Number of Americans concerned about coronavirus spikes, AP-NORC poll finds
As the scope of the global outbreak of COVID-19 continues to grow, Americans are increasingly worried about a possible infection from the new coronavirus.
According to a poll recently conducted by the Associated Press-NORC Center for Public Affairs at the University of Chicago, two in three Americans are at least somewhat concerned about someone in their family contracting the coronavirus and are taking recommended actions to avoid the disease.
In February, only 45% of Americans were somewhat or extremely worried about themselves or a family member becoming infected with the coronavirus, less than those who were concerned about the flu.
In the poll, conducted March 16-20, found most people reported compliance with recommendations to curb the spread of the virus, including increased hand washing, avoiding crowds and resisting touching their face.
Although older people are particularly vulnerable to complications from a coronavirus infection, younger people are more concerned about someone in their family contracting COVID-19. Democrats and independents are more worried about the prospect of becoming infected with the new coronavirus than are Republicans, the survey found.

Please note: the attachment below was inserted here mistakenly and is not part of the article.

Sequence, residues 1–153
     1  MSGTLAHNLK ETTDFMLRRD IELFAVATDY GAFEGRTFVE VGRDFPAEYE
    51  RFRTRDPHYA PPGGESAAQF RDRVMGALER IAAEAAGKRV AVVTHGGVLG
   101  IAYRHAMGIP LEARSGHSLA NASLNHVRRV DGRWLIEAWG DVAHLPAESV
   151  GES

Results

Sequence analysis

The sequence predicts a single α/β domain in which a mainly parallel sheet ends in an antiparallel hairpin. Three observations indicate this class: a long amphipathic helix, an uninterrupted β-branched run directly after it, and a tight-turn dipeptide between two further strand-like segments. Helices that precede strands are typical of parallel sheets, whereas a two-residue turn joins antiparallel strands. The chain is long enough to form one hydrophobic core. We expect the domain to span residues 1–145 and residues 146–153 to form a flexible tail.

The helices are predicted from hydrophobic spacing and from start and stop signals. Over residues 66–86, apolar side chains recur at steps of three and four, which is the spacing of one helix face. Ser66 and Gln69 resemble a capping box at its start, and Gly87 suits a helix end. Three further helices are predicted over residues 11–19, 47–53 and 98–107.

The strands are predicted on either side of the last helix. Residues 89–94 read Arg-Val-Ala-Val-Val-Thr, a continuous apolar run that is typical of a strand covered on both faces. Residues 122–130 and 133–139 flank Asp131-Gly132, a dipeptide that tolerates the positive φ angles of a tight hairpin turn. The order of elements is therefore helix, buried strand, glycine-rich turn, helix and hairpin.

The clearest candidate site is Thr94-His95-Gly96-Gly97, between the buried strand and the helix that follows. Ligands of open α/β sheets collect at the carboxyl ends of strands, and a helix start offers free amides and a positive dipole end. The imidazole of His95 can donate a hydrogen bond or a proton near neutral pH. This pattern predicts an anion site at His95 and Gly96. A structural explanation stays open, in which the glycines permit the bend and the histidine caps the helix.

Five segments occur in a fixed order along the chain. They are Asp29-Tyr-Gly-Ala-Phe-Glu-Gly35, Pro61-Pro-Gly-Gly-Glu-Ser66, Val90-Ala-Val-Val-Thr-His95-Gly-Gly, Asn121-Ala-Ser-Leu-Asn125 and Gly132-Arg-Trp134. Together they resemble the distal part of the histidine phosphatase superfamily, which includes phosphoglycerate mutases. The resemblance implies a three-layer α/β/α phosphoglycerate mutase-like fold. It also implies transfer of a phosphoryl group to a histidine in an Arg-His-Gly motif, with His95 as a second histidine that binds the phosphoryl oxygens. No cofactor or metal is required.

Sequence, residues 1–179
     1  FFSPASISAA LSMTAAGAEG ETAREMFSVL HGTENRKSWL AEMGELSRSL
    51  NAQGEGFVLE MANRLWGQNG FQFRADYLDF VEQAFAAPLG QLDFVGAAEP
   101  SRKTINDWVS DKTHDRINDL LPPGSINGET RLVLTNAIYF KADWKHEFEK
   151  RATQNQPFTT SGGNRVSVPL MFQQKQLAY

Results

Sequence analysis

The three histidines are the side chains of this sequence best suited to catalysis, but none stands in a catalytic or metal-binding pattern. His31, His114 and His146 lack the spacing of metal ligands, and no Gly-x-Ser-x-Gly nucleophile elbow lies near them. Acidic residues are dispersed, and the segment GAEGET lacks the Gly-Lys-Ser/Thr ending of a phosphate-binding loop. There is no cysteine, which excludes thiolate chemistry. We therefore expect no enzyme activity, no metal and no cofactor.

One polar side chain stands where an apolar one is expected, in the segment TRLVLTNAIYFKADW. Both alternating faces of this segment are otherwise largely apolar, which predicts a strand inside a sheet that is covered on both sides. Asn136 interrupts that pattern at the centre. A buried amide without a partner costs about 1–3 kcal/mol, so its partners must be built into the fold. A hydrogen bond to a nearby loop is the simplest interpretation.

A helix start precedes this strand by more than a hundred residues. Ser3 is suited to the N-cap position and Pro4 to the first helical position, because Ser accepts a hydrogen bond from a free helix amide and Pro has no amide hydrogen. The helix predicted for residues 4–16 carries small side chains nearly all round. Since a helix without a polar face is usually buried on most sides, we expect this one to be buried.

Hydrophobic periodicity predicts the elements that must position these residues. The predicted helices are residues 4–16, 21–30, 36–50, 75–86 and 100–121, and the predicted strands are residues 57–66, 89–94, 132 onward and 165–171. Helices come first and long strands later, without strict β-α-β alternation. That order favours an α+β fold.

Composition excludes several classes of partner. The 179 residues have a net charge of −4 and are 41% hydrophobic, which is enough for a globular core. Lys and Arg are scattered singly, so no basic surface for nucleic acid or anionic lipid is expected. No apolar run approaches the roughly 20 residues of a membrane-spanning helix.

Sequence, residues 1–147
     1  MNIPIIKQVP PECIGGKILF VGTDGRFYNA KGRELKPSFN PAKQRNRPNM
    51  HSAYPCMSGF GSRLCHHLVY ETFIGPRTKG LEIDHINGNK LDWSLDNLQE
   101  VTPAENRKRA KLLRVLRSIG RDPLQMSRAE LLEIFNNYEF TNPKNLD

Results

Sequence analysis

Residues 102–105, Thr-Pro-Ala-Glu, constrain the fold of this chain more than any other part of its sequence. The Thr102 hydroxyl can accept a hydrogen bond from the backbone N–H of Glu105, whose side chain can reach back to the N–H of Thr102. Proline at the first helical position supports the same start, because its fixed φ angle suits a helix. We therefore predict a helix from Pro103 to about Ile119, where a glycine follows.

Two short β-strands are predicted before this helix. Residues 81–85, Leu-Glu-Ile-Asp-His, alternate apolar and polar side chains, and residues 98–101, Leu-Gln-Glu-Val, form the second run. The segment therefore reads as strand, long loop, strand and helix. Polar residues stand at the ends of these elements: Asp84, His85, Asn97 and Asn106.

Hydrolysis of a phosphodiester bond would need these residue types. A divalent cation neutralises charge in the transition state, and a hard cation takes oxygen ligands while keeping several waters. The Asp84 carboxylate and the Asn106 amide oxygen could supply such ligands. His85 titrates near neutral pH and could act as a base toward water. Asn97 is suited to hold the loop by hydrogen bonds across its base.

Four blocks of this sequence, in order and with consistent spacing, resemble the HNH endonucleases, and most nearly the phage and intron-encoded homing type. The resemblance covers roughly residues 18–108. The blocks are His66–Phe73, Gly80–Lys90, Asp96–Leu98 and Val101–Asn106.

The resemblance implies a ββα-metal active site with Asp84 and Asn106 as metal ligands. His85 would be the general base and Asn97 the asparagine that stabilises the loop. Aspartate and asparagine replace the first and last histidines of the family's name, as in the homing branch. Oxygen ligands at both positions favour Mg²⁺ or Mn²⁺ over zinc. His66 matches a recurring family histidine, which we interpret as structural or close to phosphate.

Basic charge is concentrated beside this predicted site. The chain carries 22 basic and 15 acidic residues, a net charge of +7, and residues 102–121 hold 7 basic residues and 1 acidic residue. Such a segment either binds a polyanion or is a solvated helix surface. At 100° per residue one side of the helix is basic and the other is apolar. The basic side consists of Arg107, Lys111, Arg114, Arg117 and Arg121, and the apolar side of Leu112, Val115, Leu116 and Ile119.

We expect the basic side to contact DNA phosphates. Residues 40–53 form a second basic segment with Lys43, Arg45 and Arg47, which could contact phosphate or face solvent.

Most Americans had no plans to travel over the next three months. Of those who planned to travel within the United States, about half still expect to travel, while the other half are either thinking about canceling or have already done so.
Most Americans over 30 are looking toward traditional news sources for information about the coronavirus. Only 38% of those age 18-29 get information about the virus from traditional news, and 24% use social media. Among employed adults, 4% get most of their information from their employer.
The nationwide poll was conducted March 12-16, 2020 using the AmeriSpeak Panel, the probability-based panel of NORC at the University of Chicago, an independent research institution that delivers reliable data and rigorous analysis. Online and telephone interviews using landlines and cell phones were conducted with 1,003 adults. The margin of sampling error is plus or minus 4.3 percentage points.
Provided by University of Chicago